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Drakeford confirmed as First Minister

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MARK DRAKEFORD was confirmed as the new First Minister after a vote in the Welsh Assembly on Wednesday (Dec 12).

Carmarthen-born Drakeford succeeds Carwyn Jones as Welsh Labour leader, after Jones resigned on Tuesday.

Mr Drakeford, 64, has styled himself as a ’21st Century socialist’, and throughout his leadership campaign promoted continuity and stability as a candidate, having worked as a Welsh Government special advisor under Rhodri Morgan and being the only Welsh Government cabinet minister to support Jeremy Corbyn when he ran for the UK Labour leadership in 2015.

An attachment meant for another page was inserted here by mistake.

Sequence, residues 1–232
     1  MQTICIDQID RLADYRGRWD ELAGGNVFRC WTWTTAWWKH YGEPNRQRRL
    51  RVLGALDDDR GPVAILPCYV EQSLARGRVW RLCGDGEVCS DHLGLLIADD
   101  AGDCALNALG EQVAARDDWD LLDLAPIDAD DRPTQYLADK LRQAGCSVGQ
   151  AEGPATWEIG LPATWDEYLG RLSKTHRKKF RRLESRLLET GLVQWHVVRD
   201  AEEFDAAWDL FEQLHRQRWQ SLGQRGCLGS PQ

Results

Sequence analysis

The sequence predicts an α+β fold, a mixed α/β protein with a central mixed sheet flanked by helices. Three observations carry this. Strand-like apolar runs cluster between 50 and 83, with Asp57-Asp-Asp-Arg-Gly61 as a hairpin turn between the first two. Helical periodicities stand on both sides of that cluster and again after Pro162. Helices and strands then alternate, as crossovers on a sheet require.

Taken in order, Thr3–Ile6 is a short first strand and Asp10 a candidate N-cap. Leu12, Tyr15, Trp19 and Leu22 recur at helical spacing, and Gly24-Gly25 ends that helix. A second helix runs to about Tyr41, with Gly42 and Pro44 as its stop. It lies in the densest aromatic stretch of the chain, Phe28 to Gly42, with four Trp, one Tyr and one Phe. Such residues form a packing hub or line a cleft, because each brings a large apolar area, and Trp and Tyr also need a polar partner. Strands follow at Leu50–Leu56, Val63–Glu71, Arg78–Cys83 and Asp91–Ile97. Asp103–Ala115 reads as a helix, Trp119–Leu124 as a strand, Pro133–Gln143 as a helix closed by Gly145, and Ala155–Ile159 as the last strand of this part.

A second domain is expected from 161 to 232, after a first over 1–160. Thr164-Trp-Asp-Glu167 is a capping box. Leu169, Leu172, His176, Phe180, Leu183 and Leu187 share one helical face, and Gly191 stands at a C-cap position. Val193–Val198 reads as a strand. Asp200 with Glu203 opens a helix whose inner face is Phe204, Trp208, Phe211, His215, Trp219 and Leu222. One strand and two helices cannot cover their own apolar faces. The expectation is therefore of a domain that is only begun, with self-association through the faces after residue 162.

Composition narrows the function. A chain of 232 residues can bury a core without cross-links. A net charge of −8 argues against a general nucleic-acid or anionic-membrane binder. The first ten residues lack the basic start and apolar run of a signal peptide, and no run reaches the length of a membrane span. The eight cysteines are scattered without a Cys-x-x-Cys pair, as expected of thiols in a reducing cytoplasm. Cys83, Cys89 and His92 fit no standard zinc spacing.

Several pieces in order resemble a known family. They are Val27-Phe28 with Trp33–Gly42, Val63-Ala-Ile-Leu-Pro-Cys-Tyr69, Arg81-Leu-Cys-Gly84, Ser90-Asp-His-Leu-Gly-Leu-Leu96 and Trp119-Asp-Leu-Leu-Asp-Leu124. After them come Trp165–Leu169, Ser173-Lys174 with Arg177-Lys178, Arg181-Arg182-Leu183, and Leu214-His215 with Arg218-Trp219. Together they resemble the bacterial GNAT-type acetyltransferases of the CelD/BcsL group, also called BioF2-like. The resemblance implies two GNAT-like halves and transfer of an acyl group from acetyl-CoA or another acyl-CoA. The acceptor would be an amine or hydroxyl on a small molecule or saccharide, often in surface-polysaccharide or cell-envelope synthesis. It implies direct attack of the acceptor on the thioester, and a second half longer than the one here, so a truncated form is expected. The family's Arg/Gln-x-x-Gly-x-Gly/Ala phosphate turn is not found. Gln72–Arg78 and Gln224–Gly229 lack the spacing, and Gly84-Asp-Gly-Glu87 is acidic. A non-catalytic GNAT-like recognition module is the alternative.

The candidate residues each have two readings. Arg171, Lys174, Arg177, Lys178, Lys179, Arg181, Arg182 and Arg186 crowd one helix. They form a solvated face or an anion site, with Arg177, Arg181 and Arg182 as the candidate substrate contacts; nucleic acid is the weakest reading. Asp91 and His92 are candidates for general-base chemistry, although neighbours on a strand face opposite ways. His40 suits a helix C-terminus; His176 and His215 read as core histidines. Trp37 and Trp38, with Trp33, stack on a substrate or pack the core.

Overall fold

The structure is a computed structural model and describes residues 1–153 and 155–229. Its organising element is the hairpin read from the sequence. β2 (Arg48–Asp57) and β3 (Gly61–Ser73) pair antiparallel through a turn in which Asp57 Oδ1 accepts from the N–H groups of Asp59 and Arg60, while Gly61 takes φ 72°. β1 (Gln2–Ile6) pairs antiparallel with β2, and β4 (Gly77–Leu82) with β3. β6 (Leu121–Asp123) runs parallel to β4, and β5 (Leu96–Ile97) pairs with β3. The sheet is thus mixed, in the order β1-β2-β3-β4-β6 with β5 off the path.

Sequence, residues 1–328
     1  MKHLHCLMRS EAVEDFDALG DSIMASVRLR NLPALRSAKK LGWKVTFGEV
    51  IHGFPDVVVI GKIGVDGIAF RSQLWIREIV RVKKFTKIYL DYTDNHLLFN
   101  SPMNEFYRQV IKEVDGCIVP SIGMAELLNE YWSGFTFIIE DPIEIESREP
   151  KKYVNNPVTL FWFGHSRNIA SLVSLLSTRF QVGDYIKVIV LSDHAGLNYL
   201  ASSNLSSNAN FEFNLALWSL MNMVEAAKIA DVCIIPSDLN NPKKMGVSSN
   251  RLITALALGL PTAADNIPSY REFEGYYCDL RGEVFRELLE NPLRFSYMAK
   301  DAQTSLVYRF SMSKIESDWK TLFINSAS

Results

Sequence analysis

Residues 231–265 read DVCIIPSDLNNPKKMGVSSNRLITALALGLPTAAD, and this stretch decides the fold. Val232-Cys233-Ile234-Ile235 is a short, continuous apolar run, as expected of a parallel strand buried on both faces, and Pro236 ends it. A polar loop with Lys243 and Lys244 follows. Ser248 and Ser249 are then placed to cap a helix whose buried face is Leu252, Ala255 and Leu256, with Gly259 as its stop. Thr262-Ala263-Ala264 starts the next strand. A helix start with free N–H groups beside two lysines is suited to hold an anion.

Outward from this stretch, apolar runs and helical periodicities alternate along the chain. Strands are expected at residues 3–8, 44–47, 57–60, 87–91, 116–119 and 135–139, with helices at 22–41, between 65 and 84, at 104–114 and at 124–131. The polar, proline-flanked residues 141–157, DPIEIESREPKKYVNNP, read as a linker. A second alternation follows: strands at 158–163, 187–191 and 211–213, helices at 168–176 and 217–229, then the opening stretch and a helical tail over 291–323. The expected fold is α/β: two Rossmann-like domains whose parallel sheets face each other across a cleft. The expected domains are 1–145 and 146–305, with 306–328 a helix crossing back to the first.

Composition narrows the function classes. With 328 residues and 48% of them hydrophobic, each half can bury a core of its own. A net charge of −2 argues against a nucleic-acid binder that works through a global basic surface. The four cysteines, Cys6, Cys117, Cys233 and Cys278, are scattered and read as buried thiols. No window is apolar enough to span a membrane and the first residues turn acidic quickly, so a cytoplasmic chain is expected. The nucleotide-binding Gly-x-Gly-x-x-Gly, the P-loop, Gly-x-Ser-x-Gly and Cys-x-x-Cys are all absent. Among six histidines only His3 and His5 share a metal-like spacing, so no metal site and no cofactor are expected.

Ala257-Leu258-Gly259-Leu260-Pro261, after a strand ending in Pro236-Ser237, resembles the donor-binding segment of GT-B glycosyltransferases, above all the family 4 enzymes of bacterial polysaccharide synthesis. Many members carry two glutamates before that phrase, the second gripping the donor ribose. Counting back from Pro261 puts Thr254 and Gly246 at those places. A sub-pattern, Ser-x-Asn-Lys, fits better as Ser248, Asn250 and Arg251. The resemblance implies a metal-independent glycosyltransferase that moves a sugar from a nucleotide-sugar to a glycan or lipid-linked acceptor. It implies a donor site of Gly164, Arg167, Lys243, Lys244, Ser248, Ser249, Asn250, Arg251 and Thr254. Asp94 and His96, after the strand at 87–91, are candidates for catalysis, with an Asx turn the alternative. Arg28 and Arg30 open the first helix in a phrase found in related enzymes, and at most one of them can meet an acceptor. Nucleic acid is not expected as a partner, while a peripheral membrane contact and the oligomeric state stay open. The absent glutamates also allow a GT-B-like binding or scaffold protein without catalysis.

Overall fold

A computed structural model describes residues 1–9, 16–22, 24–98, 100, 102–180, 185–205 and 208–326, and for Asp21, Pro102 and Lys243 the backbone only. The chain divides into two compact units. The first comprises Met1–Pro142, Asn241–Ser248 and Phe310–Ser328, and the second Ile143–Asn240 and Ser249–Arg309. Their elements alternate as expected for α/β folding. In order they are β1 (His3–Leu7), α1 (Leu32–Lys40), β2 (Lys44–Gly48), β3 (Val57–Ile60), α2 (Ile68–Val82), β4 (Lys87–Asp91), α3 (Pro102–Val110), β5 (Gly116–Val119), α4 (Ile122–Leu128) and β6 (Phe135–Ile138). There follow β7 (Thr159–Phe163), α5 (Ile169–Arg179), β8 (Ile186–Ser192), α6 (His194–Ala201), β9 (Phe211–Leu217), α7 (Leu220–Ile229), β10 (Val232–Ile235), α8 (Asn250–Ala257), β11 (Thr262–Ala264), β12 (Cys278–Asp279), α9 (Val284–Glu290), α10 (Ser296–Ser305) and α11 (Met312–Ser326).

The AM for Cardiff West has been in the Assembly since 2011, becoming Health Minister in 2013 before becoming Finance Secretary in 2016.

Mr Drakeford grew up in Carmarthen, and was educated at the Queen Elizabeth Grammar School for Boys. He then went on to study Latin at the University of Kent, before working as a probation officer and Barnardos project leader in west Cardiff.

Mr Drakeford went on to pursue a career in academia, lecturing at Swansea University, and then becoming a professor of social policy and applied social sciences at Cardiff University.

His first experience of electoral politics was as a councillor on the old South Glamorgan County Council, before serving the Cardiff ward of Pontcanna between 1985 and 1993.